GRIDLEY CITY LAKE TO UNDERGO REHABILITATION
Lake open to public salvage before work begins
GRIDLEY — Over the past few years, Gridley City Lake has diminished from one of the best small fishing lakes in Kansas to a poor-quality lake with a high number of large carp competing with the game fish and spoiling the water quality. Now, the city of Gridley — with the help of Coffey County, the Kansas Department of Wildlife, Parks and Tourism, and the Walter S. and Evan C. Jones Foundation — have formed an alliance to rehabilitate the 33-acre lake and recreate the high-quality sport fishery the lake once offered.
The lake was opened to public salvage on August 9, and all state and city creel and length limits have been rescinded. Anglers may use seines, snagging, bow and arrow, and gigs to harvest fish as the lake is drawn down over the next several weeks.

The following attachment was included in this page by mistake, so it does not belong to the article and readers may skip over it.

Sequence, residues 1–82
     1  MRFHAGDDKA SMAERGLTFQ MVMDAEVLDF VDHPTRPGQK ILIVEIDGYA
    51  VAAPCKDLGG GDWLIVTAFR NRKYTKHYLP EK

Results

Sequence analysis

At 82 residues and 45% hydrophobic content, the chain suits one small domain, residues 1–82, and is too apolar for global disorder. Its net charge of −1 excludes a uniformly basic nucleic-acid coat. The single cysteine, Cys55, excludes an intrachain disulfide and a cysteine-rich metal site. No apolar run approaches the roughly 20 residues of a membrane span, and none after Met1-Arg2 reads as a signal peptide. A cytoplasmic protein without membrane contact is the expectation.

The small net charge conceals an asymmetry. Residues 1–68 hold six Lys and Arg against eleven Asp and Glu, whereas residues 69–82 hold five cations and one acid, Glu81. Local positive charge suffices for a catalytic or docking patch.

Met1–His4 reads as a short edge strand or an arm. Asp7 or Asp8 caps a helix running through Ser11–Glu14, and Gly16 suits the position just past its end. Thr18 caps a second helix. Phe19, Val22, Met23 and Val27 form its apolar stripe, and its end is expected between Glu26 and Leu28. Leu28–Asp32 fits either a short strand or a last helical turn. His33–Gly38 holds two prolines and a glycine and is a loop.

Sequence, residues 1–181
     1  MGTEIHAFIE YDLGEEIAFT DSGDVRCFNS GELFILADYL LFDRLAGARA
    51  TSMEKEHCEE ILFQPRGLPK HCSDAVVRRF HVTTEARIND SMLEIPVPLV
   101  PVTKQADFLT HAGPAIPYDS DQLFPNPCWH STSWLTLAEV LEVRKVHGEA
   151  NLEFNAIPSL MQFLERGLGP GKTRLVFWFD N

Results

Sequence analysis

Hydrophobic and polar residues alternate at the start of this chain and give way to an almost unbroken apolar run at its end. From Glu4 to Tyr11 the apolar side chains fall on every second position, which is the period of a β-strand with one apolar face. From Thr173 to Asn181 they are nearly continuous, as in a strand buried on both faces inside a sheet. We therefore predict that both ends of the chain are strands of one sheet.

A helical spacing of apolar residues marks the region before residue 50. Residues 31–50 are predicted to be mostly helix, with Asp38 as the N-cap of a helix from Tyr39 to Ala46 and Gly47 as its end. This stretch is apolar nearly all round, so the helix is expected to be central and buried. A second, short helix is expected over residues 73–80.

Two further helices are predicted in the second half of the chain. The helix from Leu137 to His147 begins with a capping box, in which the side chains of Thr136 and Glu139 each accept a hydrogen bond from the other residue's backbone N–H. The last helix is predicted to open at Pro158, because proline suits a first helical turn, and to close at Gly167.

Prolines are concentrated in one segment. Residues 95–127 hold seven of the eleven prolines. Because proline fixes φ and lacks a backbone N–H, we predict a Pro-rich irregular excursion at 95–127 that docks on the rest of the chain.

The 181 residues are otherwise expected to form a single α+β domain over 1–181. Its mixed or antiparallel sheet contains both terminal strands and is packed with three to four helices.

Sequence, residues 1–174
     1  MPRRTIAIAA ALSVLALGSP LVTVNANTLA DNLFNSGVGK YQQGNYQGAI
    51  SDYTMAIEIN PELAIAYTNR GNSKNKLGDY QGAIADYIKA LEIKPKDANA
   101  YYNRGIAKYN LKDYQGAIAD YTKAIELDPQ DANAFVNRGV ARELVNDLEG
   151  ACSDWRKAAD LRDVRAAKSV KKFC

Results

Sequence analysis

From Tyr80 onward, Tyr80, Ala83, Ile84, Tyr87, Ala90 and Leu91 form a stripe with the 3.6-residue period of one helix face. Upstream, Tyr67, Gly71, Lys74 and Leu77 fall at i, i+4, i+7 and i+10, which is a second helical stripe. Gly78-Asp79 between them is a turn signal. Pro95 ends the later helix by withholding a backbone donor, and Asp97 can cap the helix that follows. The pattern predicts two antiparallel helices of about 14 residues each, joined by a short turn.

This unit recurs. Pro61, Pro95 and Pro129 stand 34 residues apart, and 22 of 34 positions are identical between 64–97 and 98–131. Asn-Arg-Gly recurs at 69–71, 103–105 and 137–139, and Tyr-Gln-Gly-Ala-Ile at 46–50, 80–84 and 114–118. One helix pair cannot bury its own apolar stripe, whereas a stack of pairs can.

On the morning of Sept. 10, the lake will be totally drained. A fence will be placed just below the dam to hold the fish back, and the public will be invited to pick up all the fish they want. A city permit will still be required to harvest fish at the lake. Seasonal and daily permits are available at the lake iron ranger, city hall, the grocery store, and the gas station in Gridley.
When the lake is finished draining and begins to dry out, heavy equipment will be brought in to build fishing piers, deepen many areas, and build up islands. This will create more shoreline habitat and deeper water, as well as diminish wave erosion on the shoreline. The rehabilitation project will improve water quality and eliminate unwanted fish species from the lake and watershed. Brush piles and rock piles will be added to create more fish habitat.
If weather permits, the earthwork should be completed by late winter, and the lake will be ready for refilling and stocking in early spring. Channel catfish, largemouth bass, crappie, bluegill, redear sunfish, walleye, smallmouth bass, and wiper, as well as fathead minnows for forage, will be stocked. The lake will be closed for as long as two years while the fish grow, and they will be fed to increase growth and carrying capacity.
For more information, phone 620-432-4857.